A police community support officer has spoken movingly about how he was inspired to work with young people after his nephew died of a crack cocaine overdose.

Chris Perkins revealed the heartbreaking family tragedy that drove him on when he met Ann Griffith, the Deputy Police and Crime Commissioner for North Wales, during her visit to Llandudno.

The father-of-four was recently honoured as North Wales Police’s police community support officer of the year and was presented with the award by Ms Griffith.

At the ceremony she promised to join Chris on the beat to find out more about the role of PCSOs and was fulfilling her pledge when she went with him on patrol.

Chris served as a police officer for 30 years – initially with Greater Manchester Police before transferring to North Wales Police in 1991 – and retired in 2010.

After working setting up his own videography business and later working as a school liaison officer at Eirias High School in Colwyn Bay, Chris returned to uniform in 2013 – but this time as a PCSO.

He said: “My nephew Stephen died from a crack cocaine overdose at the age of just 23 so the issue of young people and drugs is close to my heart. It has been a driving force in my life

“I was honoured as the community police officer of the year in 2000 which I’m very proud of, and that was for my with work with young people which was all linked back to Stephen and the way that he’d died,

“Sadly, Stephen was alone when he was found dead on the streets of London in 1998. It broke my heart and still does upset me to this day.

“His death was a waste and it was only afterwards that I found out he had two daughters- and I’m glad to say one of them, Avril, is now a friend of mine on Facebook.

“It’s amazing how a child who has had such diversity in her life has turned into a beautiful young woman, and that for me is the issue.

“We have to nurture youngsters to make the right choice. You can’t make them do that, you can only inform them and hopefully they’ll make the right choice.

“If I can help a young person do that then it gives me great inner happiness, and that’s why I’m very keen to work with young people. I’ve been a scout leader and I’m now a cadet leader.”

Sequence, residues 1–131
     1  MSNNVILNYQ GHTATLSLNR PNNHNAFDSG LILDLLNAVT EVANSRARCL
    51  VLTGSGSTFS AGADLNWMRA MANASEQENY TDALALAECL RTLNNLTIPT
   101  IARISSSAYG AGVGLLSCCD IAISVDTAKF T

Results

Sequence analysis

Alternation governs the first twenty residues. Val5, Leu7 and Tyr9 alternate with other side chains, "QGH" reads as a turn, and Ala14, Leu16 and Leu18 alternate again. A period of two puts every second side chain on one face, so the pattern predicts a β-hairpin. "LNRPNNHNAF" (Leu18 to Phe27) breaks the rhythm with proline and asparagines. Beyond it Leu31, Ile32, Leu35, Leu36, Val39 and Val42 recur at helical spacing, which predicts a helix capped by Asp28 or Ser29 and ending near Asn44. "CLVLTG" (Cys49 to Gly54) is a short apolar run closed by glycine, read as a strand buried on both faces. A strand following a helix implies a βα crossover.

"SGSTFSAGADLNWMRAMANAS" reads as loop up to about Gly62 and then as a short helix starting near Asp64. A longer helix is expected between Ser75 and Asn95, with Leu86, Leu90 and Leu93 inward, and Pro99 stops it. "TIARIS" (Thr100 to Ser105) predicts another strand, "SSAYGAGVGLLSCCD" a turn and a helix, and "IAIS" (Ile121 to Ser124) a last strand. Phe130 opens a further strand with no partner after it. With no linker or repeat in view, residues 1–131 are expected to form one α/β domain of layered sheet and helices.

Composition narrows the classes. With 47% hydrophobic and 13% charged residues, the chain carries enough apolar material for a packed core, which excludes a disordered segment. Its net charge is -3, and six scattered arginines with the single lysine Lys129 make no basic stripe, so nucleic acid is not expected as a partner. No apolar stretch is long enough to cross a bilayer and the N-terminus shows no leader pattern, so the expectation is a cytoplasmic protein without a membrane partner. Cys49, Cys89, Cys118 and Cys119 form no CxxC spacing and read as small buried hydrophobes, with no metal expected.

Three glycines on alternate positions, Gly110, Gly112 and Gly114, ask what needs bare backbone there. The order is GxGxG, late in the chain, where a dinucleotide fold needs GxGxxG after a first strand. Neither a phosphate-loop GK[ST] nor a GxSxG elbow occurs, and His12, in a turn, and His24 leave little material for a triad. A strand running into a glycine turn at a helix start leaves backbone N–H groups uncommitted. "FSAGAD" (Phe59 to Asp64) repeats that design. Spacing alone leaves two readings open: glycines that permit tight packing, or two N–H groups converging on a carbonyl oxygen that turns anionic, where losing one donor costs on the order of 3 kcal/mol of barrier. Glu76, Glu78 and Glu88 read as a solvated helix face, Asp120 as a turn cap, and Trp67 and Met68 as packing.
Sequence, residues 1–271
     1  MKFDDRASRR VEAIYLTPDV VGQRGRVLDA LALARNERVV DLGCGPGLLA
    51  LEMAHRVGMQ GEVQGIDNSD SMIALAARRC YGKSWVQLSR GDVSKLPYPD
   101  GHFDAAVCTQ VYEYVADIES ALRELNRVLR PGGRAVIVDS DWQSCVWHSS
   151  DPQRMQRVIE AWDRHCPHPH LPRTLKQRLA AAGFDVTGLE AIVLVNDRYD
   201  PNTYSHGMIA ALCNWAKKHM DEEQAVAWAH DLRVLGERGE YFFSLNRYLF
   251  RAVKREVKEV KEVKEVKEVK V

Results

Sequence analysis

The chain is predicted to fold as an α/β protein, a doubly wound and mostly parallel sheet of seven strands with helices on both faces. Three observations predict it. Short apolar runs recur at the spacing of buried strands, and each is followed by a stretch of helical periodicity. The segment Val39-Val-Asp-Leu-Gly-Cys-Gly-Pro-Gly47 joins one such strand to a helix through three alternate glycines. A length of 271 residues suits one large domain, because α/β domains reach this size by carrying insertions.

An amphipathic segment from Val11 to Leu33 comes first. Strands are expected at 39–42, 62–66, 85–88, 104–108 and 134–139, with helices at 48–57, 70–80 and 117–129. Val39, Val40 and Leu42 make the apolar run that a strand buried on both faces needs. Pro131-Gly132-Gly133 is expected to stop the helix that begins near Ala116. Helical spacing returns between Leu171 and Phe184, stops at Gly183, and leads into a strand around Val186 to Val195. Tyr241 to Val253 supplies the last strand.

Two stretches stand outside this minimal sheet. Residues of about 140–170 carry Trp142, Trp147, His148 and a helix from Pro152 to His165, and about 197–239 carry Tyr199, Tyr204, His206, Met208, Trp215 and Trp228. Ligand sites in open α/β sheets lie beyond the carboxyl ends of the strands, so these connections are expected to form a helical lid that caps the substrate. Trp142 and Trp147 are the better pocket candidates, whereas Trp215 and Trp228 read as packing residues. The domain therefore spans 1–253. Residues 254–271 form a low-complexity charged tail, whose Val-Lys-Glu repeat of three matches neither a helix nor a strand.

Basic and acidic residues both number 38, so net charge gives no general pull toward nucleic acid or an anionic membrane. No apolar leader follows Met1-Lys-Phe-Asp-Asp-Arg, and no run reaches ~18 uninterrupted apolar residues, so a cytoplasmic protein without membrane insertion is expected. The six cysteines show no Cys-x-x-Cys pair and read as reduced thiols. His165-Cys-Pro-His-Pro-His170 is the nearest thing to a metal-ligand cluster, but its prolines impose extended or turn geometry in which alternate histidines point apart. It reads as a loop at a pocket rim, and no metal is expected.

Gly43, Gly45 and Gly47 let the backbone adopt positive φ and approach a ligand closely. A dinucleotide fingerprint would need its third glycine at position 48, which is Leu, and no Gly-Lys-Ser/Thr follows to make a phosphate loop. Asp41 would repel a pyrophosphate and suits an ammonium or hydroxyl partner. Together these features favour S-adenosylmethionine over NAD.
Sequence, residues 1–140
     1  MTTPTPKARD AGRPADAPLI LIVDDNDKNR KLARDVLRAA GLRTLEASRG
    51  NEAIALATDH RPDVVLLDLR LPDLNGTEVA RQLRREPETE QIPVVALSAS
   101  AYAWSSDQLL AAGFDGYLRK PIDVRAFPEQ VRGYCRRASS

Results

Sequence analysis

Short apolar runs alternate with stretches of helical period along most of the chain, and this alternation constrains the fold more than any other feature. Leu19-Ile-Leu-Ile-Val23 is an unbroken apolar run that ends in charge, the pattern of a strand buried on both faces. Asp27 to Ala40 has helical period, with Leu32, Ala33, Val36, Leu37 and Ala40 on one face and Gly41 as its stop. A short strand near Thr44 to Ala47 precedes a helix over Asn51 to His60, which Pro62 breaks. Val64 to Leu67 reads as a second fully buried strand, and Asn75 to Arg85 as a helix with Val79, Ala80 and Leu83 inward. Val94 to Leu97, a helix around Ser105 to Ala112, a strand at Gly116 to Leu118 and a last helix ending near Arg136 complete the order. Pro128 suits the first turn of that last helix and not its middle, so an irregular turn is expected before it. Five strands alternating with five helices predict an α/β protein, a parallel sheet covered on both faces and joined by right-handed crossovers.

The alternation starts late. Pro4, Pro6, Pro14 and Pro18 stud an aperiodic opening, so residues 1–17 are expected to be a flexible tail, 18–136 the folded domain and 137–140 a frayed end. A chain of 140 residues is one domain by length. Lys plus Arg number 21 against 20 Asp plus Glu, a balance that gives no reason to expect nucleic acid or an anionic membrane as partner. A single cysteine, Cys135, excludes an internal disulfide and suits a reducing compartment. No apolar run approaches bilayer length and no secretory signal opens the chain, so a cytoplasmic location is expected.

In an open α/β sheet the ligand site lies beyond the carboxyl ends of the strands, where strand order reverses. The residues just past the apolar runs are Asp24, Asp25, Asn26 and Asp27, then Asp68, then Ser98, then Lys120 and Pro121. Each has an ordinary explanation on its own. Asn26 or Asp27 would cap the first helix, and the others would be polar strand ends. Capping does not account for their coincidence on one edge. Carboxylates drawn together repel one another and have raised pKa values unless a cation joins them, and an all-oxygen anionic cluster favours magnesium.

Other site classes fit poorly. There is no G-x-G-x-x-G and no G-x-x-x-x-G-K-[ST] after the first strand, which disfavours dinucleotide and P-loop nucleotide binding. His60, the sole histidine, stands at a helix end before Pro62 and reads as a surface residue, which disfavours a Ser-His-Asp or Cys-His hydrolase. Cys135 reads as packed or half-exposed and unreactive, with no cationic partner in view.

According to Chris, his work as PCSO gave him immense job satisfaction.

He added: We have a different role to the police officers but we’re equal. We’re a team.

“PCSOs are the eyes and ears of modern day policing and we have a really valuable role within the police service. We are the intelligence gatherers.

“We are the uniformed presence on the streets and we are the people that the public want to engage with.

“It’s the gratifying to know you’ve touched somebody’s life at a time when they’ve been low and you’ve helped them in a time of trouble and they remember those things for a long time.”

The deputy commissioner described Chris as an “inspirational figure”.

She said: “Chris is hugely experienced, very motivated and his love of the job shines through.

“The response that he’s getting from people here on the street in Llandudno today is very positive.

“Obviously people know him, children, young people, and people of all ages are turning to him and chatting and saying hello.

“I also saw Chris in action when an elderly gentleman fell on the street. He just showed me very quickly really how priceless it was to have him there on the spot.

“Chris was able to settle the gentleman down and ensure that he was unhurt. He chatted with him and gave him back some confidence really because the elderly gentleman was quite shaken.

“Having been out on the beat with Chris it’s easy to see how he won the award for PCSO of the year

“To most people these days people like Chris are the face of North Wales Police. They are a reassuring presence.”